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INVEST in America Act invests in the safety and accessibility of people biking

After two long days of discussion, disagreements, compromises and votes last week, the House Transportation & Infrastructure Committee approved the INVEST for America Act, a major hurdle in eventually sending the bill to the president’s desk. That in and of itself is quite the feat. If the House passes the bill this summer as expected, it will be the first time in this millennium the House has passed a reauthorization bill before the current transportation bill expires.

Ask your Member of Congress to support the INVEST Act

While we marvel at the process, the outcome is truly amazing: this bill is transformative – it’s the first bill to approach real reform in almost 30 years – and does so much more than simply reauthorize and repeat policies from the past. Within the systemic reforms in the INVEST in America Act are almost all the League’s priorities which means the INVEST in America Act is great for people who bike.

Bicycle Commuter Act included in House Infrastructure Bill

The INVEST in America Act is part of a larger infrastructure bill drafted in the House of Representatives, HR 2, which thanks to the advocacy of our members includes the Bicycle Commuter Act. The Bicycle Commuter Benefit was championed by the Co-Chairs of the Congressional Bike Caucus Rep. Earl Blumenauer (D-OR), Rep. Vern Buchanan (R-FL) and Rep. Ayanna Pressley (D-MA). 

The Bicycle Commuter Act recreates and improves on the bicycle commuter benefit which was suspended under the 2017 tax cuts.

Benefit 20% of parking benefit (~$60/month) $20/month
Pre-tax? Yes No
Increases with inflation?  Yes No
Bikeshare membership Covered Not covered
Able to combine with parking and/or transit benefit?  Yes No
Employer must collect receipts?  No Yes
Can be used towards purchas of e-bike? Yes No

Over the last few days, the committee strengthened the bill even more by:

  • Incorporating requirements for metropolitan areas with high bicycling and walking fatalities to fix those dangerous areas and giving them access to the resources to do it.
  • Allowing communities to build back roads damaged or destroyed by natural disasters as Complete Streets.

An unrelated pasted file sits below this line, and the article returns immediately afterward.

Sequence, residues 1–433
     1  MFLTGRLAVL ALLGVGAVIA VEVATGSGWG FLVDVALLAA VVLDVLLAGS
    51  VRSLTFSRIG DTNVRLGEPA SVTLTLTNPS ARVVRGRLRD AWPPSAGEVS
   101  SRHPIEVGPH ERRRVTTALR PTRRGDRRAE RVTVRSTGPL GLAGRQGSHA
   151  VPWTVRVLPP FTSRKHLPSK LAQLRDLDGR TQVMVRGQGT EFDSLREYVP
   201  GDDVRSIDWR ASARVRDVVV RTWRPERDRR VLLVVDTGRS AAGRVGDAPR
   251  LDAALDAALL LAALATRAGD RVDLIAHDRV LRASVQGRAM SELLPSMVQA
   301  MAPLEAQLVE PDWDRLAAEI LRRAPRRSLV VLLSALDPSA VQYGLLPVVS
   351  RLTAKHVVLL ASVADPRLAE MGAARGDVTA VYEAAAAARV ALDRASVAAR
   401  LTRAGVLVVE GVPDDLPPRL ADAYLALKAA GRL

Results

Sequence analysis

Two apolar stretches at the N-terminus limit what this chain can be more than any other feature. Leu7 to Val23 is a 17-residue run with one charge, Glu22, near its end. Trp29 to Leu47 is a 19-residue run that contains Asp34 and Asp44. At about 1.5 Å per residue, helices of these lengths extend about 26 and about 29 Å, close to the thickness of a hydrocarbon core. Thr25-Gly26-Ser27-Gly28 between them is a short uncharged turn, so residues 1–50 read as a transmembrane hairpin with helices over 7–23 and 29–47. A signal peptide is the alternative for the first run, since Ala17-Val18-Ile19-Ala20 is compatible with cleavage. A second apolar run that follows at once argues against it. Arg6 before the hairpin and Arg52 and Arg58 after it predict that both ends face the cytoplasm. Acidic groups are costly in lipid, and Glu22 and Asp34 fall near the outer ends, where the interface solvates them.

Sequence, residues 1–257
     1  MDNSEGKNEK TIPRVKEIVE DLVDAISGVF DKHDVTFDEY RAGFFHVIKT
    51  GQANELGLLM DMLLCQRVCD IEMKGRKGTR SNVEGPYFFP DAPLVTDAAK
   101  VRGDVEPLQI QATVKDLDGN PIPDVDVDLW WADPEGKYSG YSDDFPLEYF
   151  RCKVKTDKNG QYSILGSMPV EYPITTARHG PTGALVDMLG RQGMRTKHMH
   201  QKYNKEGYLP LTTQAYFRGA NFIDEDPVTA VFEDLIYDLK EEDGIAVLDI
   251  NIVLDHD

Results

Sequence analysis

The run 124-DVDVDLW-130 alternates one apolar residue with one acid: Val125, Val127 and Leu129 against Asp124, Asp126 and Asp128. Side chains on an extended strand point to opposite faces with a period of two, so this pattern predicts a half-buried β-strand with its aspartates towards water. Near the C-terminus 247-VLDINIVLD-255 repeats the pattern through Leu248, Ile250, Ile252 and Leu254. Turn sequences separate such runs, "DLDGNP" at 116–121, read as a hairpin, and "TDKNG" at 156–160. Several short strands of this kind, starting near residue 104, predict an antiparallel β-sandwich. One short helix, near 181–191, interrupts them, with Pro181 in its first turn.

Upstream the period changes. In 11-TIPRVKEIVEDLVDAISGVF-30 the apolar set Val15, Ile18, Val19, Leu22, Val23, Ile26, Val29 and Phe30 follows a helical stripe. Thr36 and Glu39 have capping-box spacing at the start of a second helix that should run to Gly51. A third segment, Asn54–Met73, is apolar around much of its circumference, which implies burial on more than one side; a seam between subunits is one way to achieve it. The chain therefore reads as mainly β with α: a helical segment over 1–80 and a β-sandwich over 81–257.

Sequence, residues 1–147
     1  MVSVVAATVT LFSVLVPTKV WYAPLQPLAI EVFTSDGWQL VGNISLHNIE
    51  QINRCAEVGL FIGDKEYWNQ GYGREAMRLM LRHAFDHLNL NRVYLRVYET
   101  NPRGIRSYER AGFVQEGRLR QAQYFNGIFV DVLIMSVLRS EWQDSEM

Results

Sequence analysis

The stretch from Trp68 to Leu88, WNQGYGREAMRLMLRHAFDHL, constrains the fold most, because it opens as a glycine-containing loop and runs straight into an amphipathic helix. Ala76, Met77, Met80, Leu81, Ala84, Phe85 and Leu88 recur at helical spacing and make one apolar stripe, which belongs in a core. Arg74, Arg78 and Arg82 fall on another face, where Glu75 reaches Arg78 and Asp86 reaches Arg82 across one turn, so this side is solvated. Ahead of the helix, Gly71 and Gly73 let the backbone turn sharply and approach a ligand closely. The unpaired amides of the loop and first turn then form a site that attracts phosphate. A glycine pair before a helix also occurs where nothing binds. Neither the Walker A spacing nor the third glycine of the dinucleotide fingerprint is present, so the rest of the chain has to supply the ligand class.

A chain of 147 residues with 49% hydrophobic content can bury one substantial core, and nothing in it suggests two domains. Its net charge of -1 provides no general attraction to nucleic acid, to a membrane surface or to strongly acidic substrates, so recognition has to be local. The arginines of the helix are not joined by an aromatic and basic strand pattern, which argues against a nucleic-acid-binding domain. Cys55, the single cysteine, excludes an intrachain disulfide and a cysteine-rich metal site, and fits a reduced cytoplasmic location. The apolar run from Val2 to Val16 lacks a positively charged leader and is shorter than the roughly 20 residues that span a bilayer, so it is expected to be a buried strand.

• Allowing communities to use climate funding to remove underused highways to build public space including biking and walking facilities.
  • Requiring all states to have a full time Bicycle and Pedestrian Coordinator. Currently, every state needs to have a Bicycle and Pedestrian Coordinator but several states do not have this as a full time position. This will increase the capacity of states to build safe and accessible transportation for all modes. 
  • Strengthening the fix it first policy, requiring states to make sure their current roads meet a state of good repair before building new roads.
  • Including a National Road Safety Assessment (led by Rep. Lynch D-MA) focusing on bicyclists and pedestrians. It requires the Federal Highway Administration’s district offices to identify and catalog roads and intersections that are unsafe for bicycling and walking. This will create an important tool for state and local governments–and for advocates–to identify priorities.

There were a few amendments that failed in committee which the League supported:

  • Representative Cohen (D-TN) introduced an amendment to require a pilot project on requiring side underride guards on trucks. Underride guards help stop a vehicle or person from being pulled under a truck or bus. Unfortunately, that amendment didn’t pass. Still, the bill as it stands does require rear underride guards and does require the US DOT to study side underride guards. This is an overall improvement, but we would have liked to see Cohen’s amendment take it a step forward.
  • Rep. Garcia (D-IL) introduced an amendment to replace the Level of Service (LoS) standard often used to judge how well our roads are performing. LoS judges roads by how many vehicles can get through quickly. Relying on LoS incentives states to build wide, fast roads instead of prioritizing safety or access. 

And one amendment we wanted to fail did:

  • Rep. Bost (R-IL) offered an amendment to disallow Transportation Alternatives projects from using eminent domain (with exceptions for Safe Routes and ADA.) Chairman DeFazio opposed the amendment on the basis that it was only applied to the Transportation Alternatives program and not to transit or highways. 

Overall though this is a reform bill that, if passed, will move the country forward in building a safer, cleaner, more equitable transportation system that better meets the needs of everyone. 

We will need your help to ensure this bill becomes a law. The next step for the bill is a vote on the floor of the House, where every representative has a chance to vote on it. We need to push for a big win – so that the bill has momentum going into the Conference Committee, where lawmakers will reconcile the differences between this bill and the Senate version of the bill. By giving the House bill a big win on the floor, we can help House negotiators get our shared priorities in the final product that will be voted on by both chambers. Watch for an action alert asking you to contact your Member of Congress very soon. 

Caron joined the Summit Foundation for a 20 minute chat about the INVEST in America Act: